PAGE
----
Vivian Hoffman, currently a Ph.d. candidate at Cornell. When I read this description of her research I think that modern economics is very much on the right track:
I study the economics of anti-poverty and health interventions using household survey and experimental economics methods. Most of my work to date has been in East Africa. For my dissertation research on demand for and intra-household allocation of insecticide-treated mosquito nets, I conducted fieldwork in southwestern Uganda. Ongoing projects include a study on the impact of food aid receipt on labor supply and agricultural production in Malawi, estimateing the returns to farm assets in rural Ethiopia, and an experimental investigation into the effect of stigma on HIV testing behavior. I hope to continue working at the intersection of health and development economics. My interests also include health and poverty-related issues in Canada and the United States.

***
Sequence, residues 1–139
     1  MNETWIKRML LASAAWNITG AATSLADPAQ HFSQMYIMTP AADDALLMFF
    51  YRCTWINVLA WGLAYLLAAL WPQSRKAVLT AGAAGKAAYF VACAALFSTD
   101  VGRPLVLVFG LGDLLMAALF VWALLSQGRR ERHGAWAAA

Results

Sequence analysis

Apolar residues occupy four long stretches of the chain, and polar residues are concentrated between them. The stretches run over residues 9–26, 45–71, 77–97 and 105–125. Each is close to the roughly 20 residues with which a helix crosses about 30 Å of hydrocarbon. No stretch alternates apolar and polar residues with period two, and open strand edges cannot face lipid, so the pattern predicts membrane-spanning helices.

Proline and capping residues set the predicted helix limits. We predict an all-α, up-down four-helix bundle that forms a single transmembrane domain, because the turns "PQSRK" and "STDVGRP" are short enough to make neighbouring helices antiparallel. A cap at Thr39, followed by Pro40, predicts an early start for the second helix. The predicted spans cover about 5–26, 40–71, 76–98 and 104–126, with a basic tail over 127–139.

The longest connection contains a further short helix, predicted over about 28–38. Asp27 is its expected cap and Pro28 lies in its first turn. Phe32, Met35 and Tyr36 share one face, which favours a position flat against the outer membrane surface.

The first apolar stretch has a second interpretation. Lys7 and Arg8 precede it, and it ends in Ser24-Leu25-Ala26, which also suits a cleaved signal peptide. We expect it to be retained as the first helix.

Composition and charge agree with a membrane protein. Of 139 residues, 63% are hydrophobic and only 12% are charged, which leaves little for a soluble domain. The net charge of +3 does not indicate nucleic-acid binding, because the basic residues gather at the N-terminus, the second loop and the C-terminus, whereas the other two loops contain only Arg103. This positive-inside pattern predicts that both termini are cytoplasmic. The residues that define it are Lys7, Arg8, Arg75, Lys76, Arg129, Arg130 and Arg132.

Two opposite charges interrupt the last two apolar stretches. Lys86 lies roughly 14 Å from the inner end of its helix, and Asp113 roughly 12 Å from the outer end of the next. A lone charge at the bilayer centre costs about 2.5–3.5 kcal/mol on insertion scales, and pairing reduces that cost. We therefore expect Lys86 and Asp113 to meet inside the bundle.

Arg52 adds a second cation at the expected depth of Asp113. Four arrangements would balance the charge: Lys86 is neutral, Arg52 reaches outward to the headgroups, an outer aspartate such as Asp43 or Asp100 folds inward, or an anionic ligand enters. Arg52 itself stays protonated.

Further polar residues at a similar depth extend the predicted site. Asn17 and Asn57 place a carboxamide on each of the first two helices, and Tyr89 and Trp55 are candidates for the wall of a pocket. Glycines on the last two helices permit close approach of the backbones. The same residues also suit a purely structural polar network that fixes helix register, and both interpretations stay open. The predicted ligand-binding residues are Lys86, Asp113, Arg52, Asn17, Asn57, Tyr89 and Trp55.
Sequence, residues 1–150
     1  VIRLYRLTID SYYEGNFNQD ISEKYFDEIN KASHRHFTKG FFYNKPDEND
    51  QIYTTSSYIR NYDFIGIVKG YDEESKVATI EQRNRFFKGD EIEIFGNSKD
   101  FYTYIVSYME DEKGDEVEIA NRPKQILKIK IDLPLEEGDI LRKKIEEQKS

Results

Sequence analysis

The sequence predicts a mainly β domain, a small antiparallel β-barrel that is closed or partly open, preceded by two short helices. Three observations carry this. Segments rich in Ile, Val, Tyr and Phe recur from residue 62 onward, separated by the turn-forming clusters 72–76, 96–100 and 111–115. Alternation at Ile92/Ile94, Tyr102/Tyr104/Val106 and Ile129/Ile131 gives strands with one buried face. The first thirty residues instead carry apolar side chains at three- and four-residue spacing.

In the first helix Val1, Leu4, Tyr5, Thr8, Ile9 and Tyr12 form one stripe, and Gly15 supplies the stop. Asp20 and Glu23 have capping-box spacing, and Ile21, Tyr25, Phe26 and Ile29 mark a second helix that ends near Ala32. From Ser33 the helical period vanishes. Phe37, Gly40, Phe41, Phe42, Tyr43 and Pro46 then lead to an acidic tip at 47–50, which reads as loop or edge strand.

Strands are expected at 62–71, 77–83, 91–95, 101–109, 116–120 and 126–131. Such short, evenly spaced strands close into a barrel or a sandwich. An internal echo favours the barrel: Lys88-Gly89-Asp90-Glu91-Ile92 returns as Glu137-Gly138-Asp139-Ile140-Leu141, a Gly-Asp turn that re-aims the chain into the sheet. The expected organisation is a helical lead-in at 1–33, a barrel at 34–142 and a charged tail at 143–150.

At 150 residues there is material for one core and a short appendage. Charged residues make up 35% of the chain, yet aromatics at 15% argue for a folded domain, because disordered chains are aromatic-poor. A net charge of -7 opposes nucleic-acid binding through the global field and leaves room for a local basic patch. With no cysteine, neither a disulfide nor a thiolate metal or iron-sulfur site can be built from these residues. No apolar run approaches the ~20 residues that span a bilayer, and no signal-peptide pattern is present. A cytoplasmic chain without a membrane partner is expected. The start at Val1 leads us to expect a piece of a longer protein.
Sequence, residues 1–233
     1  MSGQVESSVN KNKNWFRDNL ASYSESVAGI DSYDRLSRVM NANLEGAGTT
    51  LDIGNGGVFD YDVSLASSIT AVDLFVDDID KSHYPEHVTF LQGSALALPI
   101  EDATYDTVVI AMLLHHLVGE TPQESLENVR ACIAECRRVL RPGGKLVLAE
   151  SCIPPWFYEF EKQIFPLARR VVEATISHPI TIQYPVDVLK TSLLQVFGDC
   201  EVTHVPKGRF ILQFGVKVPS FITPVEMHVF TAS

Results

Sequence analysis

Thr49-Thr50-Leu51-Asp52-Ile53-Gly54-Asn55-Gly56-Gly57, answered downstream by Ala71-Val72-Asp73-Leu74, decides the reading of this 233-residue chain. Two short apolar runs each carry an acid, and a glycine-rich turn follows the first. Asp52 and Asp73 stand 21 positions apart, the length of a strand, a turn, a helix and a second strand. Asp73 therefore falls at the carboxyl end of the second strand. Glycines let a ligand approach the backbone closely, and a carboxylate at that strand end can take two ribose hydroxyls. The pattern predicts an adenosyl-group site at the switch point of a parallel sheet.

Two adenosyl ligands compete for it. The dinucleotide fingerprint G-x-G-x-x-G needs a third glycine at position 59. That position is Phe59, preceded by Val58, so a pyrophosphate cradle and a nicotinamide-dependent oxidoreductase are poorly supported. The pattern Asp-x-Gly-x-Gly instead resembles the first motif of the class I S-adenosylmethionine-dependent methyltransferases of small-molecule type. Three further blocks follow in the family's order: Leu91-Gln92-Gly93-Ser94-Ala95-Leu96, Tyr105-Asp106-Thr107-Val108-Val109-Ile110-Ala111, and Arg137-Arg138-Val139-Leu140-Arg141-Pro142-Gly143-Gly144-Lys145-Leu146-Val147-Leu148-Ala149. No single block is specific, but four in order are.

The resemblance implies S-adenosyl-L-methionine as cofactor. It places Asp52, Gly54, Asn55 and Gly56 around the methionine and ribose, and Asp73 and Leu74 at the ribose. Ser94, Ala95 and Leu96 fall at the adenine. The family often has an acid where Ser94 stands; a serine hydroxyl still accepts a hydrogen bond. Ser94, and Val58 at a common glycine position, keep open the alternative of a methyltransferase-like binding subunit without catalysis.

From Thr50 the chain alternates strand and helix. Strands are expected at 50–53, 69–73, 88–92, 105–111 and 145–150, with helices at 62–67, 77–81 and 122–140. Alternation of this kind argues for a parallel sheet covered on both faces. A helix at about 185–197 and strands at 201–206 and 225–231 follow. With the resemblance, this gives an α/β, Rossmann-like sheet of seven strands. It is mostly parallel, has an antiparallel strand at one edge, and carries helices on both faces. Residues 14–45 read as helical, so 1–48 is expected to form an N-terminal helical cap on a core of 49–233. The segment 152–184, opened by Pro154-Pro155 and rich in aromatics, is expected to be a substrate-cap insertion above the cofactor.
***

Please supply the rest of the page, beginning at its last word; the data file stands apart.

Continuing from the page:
Here is the abstract on her main paper:
This paper reports results from a field experiment in Uganda. Whether a mosquito net was purchased or received for free affected who within the household used the net. Free nets were more likely to be allocated to those members of the household most vulnerable to malaria, whereas purchased nets tended to be used by the household’s main income earners. The effect was strongest for free nets received by the mother, increasing the probability that all children five and younger slept under nets by 26 percent relative to when nets had been purchased by either parent or given to the father.
In other words, within the household the breadwinners have a greater practical ability to control priced goods than non-priced goods. This hints at one reason why men are often more willing to "think like economists" within the family.
You might think that Vivian has not yet done enough to be judged, but surely she has done enough to be judged as underappreciated. So go appreciate her and remove that label from her name!